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A concrete block that weighs 12 tons has been sliced into eight pieces, and a new technique is making it possible to cut it into even smaller pieces.

The technique, which has been demonstrated on a concrete slab in India, has helped to cut the concrete block even smaller and faster, by reducing the amount of time needed to complete a job, according to the paper.

The technique has also made it possible for smaller workers to do the work.

The first concrete block was cut using a saw, then the next, and so on, till the slab became a flat surface.

The cutting technique is based on the same principle as the way concrete is laid down.

In concrete, a grid of blocks called the surface is laid over a slab of concrete.

These blocks are made up of smaller pieces that are connected by glue.

These pieces are then cut and glued together in a process known as slabbing.

It is this process of slabbing that is used in the cutting of concrete blocks.

The process takes about 15 minutes, says Dr. Sanjeev Kaur, an associate professor of construction at the Tata Institute of Fundamental Research.

In India, a single slab of cement is used to make the entire concrete block.

It is then loaded onto a truck and driven over a road.

When the truck is stopped in a designated spot, the truckers pull the slab of solid concrete and the truck drives the concrete slab along the road.

This process produces a very thin layer of concrete on the road, similar to what is needed to make a roof or other structure, says Kaur.

But unlike the construction industry, which relies on the concrete that is put in the concrete, it is the concrete itself that is the most expensive commodity in the industry.

A slab of 5.4 kilograms of concrete requires about 7 million metric tonnes of concrete to make.

In the same year, India is expected to spend about \$8.7 billion on concrete, according a recent study by the Institute of Industrial Policy Studies.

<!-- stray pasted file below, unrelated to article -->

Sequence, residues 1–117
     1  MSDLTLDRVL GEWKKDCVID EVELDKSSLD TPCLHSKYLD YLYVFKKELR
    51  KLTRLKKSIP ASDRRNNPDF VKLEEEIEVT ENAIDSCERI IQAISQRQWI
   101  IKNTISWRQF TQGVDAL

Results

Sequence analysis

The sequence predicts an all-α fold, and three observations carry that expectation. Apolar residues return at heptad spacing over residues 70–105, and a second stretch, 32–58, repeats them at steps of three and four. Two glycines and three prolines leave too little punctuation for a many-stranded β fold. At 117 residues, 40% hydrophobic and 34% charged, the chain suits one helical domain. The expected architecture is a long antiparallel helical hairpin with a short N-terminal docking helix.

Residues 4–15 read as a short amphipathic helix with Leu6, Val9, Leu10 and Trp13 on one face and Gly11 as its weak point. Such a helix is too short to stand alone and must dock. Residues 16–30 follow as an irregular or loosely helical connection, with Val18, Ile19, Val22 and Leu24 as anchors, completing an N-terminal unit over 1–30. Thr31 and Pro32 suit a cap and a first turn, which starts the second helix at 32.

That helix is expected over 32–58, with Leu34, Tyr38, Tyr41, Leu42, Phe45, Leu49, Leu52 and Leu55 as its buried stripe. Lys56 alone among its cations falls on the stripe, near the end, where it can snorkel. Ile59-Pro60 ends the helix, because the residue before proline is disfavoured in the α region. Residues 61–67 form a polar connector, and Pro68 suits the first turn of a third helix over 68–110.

The new method of slabbed cutting is not cheap.

According to a 2013 report from the United Nations Development Programme, it would cost around \$1,000 per piece to cut an 8-kg block of concrete into eight individual pieces.

This would cost about \$600 for a crew of four, according the report.

The problem, though, is that the concrete is not easily transported to the site, and the transport can take a long time.

“The concrete is the hardest thing in the world,” says Kaus.

The method used by the Indian researchers, however, has proven successful in a project that has already seen success.

In a pilot project, they have been able to cut concrete blocks into pieces of around 5 kilograms.

The results have been encouraging for India.

The Indian government has awarded a \$1.5 million contract to Tata Advanced Projects for the pilot project.

And in the next two years, Tata Advanced has also signed a contract for the delivery of a \$2.5 billion concrete project in Gujarat, where the researchers were based.

The paper in The Times describes the technique as being based on “slim-to-light” technology.

In this case, the researchers say the slab is placed at a height of 2 meters (7.6 feet), and a blade is then used to cut across the slab and pull the pieces back together.

The slab is then rolled into a flat and smooth surface.

The team claims this process is similar to the way that concrete is rolled.

In other words, the process involves a series of small, but fast, cuts.

This process makes it possible that the cutting process takes around 15 minutes.

In addition to reducing the time to cut, the technique also allows for larger pieces to be cut.

This makes it easier for larger concrete projects, like roads, to be built.

“We hope this will enable us to use the same technology for bigger projects,” said Dr. Kaur at the press conference.

“It is something that could be very useful in Gujarat.”